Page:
Some films demand to be seen again just by virtue of their quality. Others demand it through simply confusing the hell out of you. Triangle pulls both of these off, and with aplomb. Viewing it the second time round, I found myself, inevitably, watching it in a completely different way - not because I knew what was going on and what was likely to happen. It was more a case of simplifying itself for myself and just trying to follow that Melissa George we are introduced to when she walks down the jetty at the start of the film. It does help you to follow things, honest!
It's also good to rewatch it knowing this time round you are getting a looping and repeating Sisyphean (meant in a more positive literal sense here) storyline rather than expecting a slasher film set on a deserted liner and unexpectedly stumbling into something rather bonkers halfway through. Of course, now I'm left asking myself - did I enjoy being surprised first time round or getting the references and plot (or as much as you can) second time round?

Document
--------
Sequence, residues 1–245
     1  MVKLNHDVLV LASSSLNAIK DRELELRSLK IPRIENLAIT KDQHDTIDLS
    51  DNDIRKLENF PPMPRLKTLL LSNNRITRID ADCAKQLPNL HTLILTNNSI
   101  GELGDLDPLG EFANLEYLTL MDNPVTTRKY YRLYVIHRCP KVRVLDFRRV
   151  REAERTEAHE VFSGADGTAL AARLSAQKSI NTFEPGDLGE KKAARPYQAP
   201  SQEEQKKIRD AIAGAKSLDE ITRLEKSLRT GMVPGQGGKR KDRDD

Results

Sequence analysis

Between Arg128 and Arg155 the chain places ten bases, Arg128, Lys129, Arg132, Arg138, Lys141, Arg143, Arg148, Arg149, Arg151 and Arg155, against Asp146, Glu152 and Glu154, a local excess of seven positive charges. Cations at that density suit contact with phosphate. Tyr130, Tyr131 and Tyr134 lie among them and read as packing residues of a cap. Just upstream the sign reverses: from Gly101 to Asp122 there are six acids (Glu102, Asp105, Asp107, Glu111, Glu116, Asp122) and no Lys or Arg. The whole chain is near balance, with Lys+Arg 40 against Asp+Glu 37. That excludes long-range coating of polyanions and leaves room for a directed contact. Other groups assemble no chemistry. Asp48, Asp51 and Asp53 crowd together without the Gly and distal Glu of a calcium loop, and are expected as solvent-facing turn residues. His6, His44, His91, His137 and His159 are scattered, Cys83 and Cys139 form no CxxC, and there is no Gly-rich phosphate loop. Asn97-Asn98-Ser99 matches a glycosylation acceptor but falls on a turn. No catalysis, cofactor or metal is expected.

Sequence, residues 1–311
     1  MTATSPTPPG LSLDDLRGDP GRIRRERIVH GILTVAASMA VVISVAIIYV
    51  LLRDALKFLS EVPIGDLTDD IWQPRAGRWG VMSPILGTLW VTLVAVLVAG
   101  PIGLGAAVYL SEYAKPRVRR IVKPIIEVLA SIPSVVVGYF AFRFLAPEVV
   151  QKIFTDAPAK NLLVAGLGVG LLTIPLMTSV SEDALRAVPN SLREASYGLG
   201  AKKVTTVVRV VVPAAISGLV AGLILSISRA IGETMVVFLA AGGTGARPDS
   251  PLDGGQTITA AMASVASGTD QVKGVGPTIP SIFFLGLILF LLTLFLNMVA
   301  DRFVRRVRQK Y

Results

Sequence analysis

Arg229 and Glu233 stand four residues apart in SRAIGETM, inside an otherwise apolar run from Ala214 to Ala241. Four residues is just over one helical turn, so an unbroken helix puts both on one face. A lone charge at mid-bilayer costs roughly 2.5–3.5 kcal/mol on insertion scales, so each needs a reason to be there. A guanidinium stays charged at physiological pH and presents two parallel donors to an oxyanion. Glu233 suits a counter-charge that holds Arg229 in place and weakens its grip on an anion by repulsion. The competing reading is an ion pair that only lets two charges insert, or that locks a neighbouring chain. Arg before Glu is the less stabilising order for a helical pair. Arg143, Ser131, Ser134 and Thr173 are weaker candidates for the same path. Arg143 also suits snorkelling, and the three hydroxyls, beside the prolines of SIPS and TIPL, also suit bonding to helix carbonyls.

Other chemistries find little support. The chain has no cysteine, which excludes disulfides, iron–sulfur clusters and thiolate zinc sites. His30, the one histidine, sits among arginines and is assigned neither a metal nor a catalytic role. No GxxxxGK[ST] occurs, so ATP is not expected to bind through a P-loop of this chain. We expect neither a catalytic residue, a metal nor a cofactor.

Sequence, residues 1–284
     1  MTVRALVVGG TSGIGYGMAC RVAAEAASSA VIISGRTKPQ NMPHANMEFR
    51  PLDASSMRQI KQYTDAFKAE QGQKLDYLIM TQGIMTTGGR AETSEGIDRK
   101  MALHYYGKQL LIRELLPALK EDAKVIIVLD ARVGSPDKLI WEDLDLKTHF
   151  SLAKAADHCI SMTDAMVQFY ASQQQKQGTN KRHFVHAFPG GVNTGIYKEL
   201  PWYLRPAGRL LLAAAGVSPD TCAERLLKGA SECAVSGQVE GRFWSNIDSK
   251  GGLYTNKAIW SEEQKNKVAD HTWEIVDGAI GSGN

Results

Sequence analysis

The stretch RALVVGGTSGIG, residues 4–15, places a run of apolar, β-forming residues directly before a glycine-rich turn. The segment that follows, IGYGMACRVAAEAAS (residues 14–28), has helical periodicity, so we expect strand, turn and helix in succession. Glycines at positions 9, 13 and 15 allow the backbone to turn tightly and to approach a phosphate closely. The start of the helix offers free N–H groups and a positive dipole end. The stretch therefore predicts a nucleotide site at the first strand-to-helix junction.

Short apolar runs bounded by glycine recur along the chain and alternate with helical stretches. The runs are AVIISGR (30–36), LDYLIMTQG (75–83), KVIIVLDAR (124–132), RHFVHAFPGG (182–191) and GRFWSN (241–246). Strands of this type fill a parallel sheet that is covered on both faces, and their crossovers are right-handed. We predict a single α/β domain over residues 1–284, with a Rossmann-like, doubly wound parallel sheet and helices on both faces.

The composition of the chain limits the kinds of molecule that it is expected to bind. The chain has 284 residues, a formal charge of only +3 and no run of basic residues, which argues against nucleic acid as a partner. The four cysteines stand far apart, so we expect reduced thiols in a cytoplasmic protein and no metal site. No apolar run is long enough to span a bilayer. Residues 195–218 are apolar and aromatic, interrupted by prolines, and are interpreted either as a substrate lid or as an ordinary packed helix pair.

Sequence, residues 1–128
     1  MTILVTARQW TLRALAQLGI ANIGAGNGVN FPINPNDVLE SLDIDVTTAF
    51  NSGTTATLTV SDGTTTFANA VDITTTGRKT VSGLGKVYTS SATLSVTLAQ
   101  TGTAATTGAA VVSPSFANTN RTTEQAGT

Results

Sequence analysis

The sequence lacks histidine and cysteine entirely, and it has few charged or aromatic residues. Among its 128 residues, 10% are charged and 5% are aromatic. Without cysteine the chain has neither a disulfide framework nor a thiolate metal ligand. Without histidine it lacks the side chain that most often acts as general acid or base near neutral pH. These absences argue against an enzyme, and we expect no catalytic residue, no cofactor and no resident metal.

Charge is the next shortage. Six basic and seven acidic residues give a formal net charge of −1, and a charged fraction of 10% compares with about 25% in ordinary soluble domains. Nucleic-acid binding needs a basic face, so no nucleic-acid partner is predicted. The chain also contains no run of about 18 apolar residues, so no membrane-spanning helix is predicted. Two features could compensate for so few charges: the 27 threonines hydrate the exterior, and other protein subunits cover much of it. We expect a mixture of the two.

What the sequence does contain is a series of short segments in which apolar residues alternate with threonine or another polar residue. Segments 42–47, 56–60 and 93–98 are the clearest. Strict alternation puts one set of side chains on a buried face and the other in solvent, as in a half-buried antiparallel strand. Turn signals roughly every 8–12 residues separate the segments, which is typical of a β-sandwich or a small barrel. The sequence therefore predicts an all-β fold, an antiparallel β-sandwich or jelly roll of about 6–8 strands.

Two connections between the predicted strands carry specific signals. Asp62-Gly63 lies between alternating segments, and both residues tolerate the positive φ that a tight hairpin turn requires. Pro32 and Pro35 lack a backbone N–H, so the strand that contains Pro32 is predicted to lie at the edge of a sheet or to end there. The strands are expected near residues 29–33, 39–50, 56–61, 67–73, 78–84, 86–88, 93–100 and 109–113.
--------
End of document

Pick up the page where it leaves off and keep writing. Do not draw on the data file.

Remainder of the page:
Whatever the answer is, Triangle is a truly outstanding film in so many ways. I don't believe Christopher Smith when he said he wasn't really sure what was going on himself in the storyline here - it's just too intricately sewn together in so many ways, so much so that even with its obviously bizarre storyline you rarely find yourself flapping in incredulity at anything that is happening. And that really is quite a feat for a film like this. Almost every frame of the film means something to the overall story and idea.
It's also a film that, unfortunately, seems doomed amongst the uninitiated to sit on Blockbuster Video shelves and in LoveFilm watchlists as a slasher film on a boat that might be worth a look for Angel from Home & Away if nothing else. But there is something genuinely special about Triangle - just make sure you give it a couple chances to make that apparent to you.